AWEX claim it is awaiting the results of pain trials but if this is the case, then how is this procedure now available in our industry for use? And even more relevant, why is that procedure not defined in the NWD?

AWEX’s position on this has been exposed by accreditation platforms which some buyers rely on to audit and authenticate the wool they purchase.

Textile Exchange, a global non-profit organization, which developed the widely regarded and adopted accreditation platforms, the Responsible Wool Standard and the Responsible Downs Standard has stated: “We are concerned that the decision to include freeze mulesing as non-mulesed on the NWD is going to not only lead to confusion and misunderstanding in supply chains, but also that it will undermine the hard work and significant progress achieved by Australian wool growers that have transitioned to non-mulesing through breeding fly-strike resistant sheep.”

“Based on the unanimous support from all the stakeholders for the most recent revision of the Responsible Wool Standard, the decision was to not allow steining, freeze branding, or freeze mulesing to be considered “non-mulesed.”

Other well-regarded platforms such as New Merino have also rejected the Cryo breech freezing process being categorized as NM, as well as large, loyal and long-term customers of Australian wool such as Vitale Barberis Canonico and Successori Reda.

Given the previous format of defining the mulesing process on the NWD, simple logic should tell us that any new intrusive husbandry process must include a clear definition and description of the process, which will allow the end-users of wool to make up their own minds about whether this new procedure or process adheres to their company’s policy direction.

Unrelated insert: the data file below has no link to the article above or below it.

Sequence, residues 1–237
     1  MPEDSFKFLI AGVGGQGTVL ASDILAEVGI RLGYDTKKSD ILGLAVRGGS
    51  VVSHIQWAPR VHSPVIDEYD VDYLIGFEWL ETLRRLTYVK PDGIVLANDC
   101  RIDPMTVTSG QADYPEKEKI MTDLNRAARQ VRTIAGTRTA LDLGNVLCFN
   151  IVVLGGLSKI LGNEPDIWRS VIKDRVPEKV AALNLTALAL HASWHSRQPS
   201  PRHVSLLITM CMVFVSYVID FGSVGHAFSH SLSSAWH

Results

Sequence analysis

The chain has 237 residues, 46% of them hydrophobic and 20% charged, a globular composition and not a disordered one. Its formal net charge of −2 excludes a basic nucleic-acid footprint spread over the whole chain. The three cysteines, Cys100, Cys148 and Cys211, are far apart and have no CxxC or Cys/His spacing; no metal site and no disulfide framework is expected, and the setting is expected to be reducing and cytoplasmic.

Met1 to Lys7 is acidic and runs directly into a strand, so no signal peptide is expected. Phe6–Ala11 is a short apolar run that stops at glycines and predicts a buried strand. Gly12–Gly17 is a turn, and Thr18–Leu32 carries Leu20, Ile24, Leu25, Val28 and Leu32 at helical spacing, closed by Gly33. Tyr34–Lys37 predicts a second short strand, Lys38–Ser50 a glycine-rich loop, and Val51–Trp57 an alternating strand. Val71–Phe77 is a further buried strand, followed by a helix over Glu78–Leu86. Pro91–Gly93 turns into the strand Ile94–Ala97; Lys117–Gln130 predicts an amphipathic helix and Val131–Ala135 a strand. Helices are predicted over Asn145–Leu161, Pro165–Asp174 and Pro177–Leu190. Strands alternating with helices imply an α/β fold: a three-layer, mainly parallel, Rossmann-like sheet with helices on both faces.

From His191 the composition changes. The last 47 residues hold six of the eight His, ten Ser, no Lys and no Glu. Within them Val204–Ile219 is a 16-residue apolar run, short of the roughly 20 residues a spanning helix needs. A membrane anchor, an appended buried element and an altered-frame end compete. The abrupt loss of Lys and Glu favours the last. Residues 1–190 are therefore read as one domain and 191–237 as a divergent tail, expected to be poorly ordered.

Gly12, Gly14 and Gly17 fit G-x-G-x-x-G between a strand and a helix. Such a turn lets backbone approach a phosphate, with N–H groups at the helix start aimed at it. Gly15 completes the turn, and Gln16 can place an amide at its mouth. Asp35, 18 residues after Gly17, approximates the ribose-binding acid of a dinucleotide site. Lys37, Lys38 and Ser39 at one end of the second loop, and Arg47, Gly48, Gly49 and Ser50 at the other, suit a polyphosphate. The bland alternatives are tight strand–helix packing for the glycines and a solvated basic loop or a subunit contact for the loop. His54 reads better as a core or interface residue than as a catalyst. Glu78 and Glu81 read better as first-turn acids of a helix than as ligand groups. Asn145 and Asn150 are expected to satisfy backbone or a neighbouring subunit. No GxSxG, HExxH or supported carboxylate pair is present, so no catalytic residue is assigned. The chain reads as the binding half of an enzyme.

The wool industry needs to advance “in step” with its wool consumers and understand that truth in labelling is paramount to building trust in the wool we are selling.

The wine industry is a good example of how important they believe truth in labelling is, with the “Label integrity program” administered by Wine Australia now legislated under the wine Australia act.

If AWEX does not wish to diminish its position as a trusted independent and transparent service provider for the Australian wool industry it should correct this flawed decision on the NWD.


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  1. Don Hamblin, June 25, 2020

    The mulesing definition was developed in the early 1980’s by the various state departments responsible for animal welfare. That definition was incorporated in the various state POCTA’s – Prevention of Cruelty to Animals Acts – and the state “Model Codes of Practice For the Welfare of Animals” which were developed at the same time. All AWEX did was adopt that definition.
    AWEX did not decide on a definition, in response to the campaign against mulesing, which started some 20 years later. Whatever breech modifications that have been developed since, to help prevent blowfly strike, they are not mulesing.

  2. Duncan Banks, June 25, 2020

    When we used clips for two years our wool was declared by the market to be mulesed. There were no shears involved but skin was removed from the breech. Isn’t that the question? If skin is removed from the breech of a sheep then it has been mulesed.

    • Don Hamblin, June 25, 2020

      Duncan, we used clips for a number of years as well, and our wool clips were declared and sold as non-mulesed. One year, we were audited by AWEX inspectors and the flocks were passed as “non-mulesed.

  3. Andrew Farran, June 24, 2020

    The problem is more than semantic. If you ask a question that can only be answered yes or no, it depends on the question.
    Mulesing, it is said, has been clearly defined. However, the very words in the definition are question-begging in themselves. Dig deeper and you might discover why.